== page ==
Skip to content


Kanteswar Sarkar and anr. Vs. Indramani Dashya - Court Judgment

LegalCrystal Citation
SubjectTenancy
CourtKolkata
Decided On
Reported inAIR1928Cal512
AppellantKanteswar Sarkar and anr.
Respondentindramani Dashya
Cases ReferredNekejaie v. Nanda Dulal Bankeja
Excerpt:
- .....appeal the lower appellate court did not consider the plaintiffs' evidence on the question of the rate of rent sufficient, and holding that the kabuliyat which had been filed by the plaintiffs in support of their case did not relate to the land in suit allowed the appeal and gave the plaintiffs a decree only at the admitted rate, namely rs. 2-8-0 per year. the plaintiffs have come up to this court on second appeal.2. a preliminary objection was taken on behalf of the respondent that no second appeal lay in the present case under section 153, ben. ten. act. i think this objection is sound and should prevail. the amount that was claimed in the case was less than rs. 100 and the second appeal comes against a decree passed by a subordinate judge. the suit has been decreed by the learned.....
Judgment:

Mallik, J.

1. This appeal arises out of a suit for recovery of arrears of rent, The plaintiffs claimed rent at the rate of Rs. 10 per year. Whereas the case of the defence was that the rent annually payable by the defendants was Rs. 2-8-0 only. The trial Judge accepted the figure as given by the plaintiffs and on that basis gave a decree to the plaintiffs for rent at the rate of Rs 10 per year. On appeal the lower appellate Court did not consider the plaintiffs' evidence on the question of the rate of rent sufficient, and holding that the kabuliyat which had been filed by the plaintiffs in support of their case did not relate to the land in suit allowed the appeal and gave the plaintiffs a decree only at the admitted rate, namely Rs. 2-8-0 per year. The plaintiffs have come up to this Court on second appeal.

2. A preliminary objection was taken on behalf of the respondent that no second appeal lay in the present case under Section 153, Ben. Ten. Act. I think this objection is sound and should prevail. The amount that was claimed in the case was less than Rs. 100 and the second appeal comes against a decree passed by a Subordinate Judge. The suit has been decreed by the learned Subordinate Judge at the rate of rent admitted by the defendants and it has been held in Nekejaie v. Nanda Dulal Bankeja [1897] 1 C.W.N. 711 when a decree is given at the rate admitted by the defendants it is not a case of determination of the annual rent payable as mentioned in Section 153, Ben. Ten. Act.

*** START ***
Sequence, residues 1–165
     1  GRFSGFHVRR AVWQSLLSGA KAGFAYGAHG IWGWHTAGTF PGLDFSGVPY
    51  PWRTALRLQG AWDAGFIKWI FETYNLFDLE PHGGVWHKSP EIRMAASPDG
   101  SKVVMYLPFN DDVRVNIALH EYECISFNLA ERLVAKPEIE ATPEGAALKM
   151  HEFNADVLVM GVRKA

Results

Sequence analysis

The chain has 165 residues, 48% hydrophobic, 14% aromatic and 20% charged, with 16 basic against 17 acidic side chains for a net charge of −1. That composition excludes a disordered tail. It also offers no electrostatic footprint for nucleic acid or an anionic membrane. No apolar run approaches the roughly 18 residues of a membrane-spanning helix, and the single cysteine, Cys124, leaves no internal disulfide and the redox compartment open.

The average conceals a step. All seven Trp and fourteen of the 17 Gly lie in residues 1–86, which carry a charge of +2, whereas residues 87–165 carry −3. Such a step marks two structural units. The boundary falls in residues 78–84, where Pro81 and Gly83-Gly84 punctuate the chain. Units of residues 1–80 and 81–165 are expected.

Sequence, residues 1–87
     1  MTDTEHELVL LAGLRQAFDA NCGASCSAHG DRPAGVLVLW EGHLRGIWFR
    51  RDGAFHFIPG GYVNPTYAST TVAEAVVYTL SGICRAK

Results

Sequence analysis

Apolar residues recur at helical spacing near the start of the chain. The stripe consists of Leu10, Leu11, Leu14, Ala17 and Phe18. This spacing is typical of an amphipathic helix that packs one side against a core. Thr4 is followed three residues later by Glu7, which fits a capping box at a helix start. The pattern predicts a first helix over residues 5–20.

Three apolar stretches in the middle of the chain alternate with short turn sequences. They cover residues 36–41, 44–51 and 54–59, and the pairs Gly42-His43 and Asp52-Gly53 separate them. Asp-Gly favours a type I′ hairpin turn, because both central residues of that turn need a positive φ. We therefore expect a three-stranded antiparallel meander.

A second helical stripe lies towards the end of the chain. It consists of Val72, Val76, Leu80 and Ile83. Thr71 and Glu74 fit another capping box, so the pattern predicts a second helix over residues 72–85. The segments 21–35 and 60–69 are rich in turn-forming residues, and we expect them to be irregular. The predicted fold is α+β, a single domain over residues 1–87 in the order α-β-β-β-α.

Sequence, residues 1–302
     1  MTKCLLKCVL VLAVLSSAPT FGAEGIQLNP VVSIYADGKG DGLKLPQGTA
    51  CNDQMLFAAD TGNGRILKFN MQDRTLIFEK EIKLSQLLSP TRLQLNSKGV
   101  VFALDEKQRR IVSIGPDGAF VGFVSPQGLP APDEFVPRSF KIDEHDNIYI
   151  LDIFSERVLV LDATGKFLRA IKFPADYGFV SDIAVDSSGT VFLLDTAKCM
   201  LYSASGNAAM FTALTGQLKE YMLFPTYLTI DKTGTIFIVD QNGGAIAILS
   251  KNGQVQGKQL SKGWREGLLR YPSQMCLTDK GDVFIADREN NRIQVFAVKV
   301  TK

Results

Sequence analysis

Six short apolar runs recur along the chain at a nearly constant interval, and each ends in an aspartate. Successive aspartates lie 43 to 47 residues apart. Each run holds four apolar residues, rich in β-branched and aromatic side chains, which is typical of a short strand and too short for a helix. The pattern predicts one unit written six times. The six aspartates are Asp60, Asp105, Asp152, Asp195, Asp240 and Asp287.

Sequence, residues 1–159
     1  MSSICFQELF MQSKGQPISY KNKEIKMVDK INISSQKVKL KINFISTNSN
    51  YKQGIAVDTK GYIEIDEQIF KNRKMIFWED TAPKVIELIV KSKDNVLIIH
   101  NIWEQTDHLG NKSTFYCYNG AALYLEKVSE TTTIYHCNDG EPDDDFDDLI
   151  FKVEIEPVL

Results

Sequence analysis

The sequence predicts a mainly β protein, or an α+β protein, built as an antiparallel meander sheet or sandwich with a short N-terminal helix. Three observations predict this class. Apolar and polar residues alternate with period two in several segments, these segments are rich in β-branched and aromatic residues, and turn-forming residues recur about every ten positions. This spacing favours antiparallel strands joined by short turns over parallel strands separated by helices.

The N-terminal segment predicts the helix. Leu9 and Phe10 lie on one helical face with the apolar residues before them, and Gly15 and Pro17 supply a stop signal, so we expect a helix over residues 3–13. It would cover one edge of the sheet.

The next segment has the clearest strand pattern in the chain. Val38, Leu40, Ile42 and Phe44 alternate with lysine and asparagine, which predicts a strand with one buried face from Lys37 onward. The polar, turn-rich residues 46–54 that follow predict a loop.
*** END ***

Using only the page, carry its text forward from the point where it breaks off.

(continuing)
3. On the merits also I do not think that this appeal can succeed. As I have said before the learned Subordinate Judge found the evidence, which the plaintiffs adduced to substantiate their case, unsatisfactory. One of the documents which the plaintiffs filed was a kabuliyat. This kabuliyat mentions the rate of rent to be Rs. 10, but the learned Subordinate Judge although he found that there was nothing, suspicious about the genuineness of this document, came to the conclusion that the kabuliyat did not refer to the land in suit. It was contended on behalf of the appellants that the learned Subordinate Judge was not justified in raising this point in appeal as the point had been never raised before in the trial Court. But the lower appellate Court was a Court of fact as well as of law, and remembering that the kabuliyat was only a piece of evidence I do not think that it was beyond the scope of the learned Subordinate Judge, in considering the question of the relevancy of that document and in holding that that document which was nothing but an item of evidence, was irrelevant for the purposes of the case.

4. The only point that was taken before me on the merits of the case, therefore, fails. The appeal is accordingly dismissed with costs.


Save Judgments// Add Notes // Store Search Result sets // Organizer Client Files //